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    Friday, September 6, 2019

    3 Strategies for Practicing Math Vocabulary

    Do your students struggle with math?

    Do your students know their math vocabulary?



    3 Strategies For Practicing Math Vocabulary 


    Math is a language like English, French, or Spanish. There are key concepts in math that need to be explained and well defined. How do your students understand math vocabulary? Do you have them practice the terms? Here are three strategies to use with your students for practicing new math vocabulary words.


    1. Make an Interactive Math Word Wall. 

    What do you display on your classroom walls? Do your students create it or is it teacher made? Have your students create an Interactive Math Word Wall. Students will write the definitions and pictures for each word. Display their work on post-it notes beside or below the math word. Students will enjoy creating this word wall in your classroom. They will even ask if they can "cheat" and look at it during a quiz or test. Why do they ask this? It is a helpful reference for them to be reminded what the vocabulary word means. Math is a language that needs to be modeled and taught daily for comprehension.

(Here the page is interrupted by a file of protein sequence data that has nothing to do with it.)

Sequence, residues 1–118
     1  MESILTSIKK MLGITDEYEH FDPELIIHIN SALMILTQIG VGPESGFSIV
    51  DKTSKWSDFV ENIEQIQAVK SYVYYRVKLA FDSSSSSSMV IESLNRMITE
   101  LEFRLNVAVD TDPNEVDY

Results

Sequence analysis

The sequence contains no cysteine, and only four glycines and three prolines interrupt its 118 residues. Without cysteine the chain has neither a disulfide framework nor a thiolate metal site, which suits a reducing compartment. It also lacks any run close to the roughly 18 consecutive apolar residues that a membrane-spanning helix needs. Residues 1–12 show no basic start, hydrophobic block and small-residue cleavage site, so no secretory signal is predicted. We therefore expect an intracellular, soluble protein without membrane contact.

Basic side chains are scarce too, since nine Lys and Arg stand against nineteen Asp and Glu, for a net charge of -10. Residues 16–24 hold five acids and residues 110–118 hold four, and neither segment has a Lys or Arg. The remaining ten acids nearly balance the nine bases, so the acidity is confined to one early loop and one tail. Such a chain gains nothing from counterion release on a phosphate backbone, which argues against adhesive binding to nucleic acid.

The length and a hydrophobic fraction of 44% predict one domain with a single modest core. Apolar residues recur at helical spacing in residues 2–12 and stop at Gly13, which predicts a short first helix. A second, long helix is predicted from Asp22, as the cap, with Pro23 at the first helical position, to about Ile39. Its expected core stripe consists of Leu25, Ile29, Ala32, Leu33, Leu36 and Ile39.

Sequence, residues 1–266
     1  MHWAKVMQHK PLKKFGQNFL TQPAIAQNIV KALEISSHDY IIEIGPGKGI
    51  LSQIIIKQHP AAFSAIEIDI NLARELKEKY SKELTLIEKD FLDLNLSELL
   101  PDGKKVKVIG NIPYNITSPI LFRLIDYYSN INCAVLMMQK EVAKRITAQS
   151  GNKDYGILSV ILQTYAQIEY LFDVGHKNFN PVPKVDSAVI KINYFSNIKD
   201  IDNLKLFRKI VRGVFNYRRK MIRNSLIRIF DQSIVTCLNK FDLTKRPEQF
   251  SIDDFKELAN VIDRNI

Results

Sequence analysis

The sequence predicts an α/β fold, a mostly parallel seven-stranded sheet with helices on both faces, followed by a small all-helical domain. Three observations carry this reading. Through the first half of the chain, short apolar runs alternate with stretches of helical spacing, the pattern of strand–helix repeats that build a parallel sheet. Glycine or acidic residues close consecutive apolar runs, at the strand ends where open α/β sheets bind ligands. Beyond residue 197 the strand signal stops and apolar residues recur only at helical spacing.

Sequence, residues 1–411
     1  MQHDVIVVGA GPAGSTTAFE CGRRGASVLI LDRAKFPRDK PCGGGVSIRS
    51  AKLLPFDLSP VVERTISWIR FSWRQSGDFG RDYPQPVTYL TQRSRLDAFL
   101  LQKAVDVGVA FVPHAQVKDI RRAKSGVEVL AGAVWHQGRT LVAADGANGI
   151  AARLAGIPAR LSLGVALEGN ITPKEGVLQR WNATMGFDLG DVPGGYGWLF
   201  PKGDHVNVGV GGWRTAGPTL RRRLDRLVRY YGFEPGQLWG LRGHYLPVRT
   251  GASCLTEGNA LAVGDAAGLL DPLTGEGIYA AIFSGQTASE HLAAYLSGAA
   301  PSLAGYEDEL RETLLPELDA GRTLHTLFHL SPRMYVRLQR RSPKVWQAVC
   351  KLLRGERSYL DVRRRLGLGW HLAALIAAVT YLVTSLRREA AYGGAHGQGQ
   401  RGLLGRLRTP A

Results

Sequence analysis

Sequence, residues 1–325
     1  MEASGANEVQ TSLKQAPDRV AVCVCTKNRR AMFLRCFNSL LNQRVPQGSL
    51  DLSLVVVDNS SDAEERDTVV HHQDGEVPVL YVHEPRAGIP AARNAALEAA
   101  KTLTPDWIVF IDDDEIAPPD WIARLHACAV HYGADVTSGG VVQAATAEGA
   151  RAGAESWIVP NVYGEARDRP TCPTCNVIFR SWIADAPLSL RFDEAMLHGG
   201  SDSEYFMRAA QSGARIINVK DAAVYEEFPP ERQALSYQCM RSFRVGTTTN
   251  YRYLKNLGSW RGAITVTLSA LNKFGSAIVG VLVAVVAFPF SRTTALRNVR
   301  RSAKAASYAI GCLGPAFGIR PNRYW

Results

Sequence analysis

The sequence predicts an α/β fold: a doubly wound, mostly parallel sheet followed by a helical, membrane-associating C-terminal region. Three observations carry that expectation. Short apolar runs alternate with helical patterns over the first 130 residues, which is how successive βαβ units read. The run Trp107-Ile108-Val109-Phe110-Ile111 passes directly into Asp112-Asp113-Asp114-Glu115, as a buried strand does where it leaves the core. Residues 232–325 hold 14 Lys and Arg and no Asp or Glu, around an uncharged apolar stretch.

2. Make a Math Writing Center

    Do your students know how to write math? Do they need a scaffolded approach to using math word in context? Try using a Math Writing Center. When you do math centers or math workshops in your classroom have one center be writing math only. Students will work on writing sentences with important grade level math terms. This will help build students' math writing confidence. Students need to practice with a scaffolded approach. This is a great solution for students to learn how to write math terms in the appropriate context.


    3. Make a Vocabulary Notebook. 

    How do your students learn and record new vocabulary? Do your students make math vocabulary maps? Students will take ownership of their Math Vocabulary Notebook. Have students write 3-5 terms per week. Students will add new math vocabulary word maps to their notebooks every week. At the end of the year they will have completed the entire year's list of grade level vocabulary.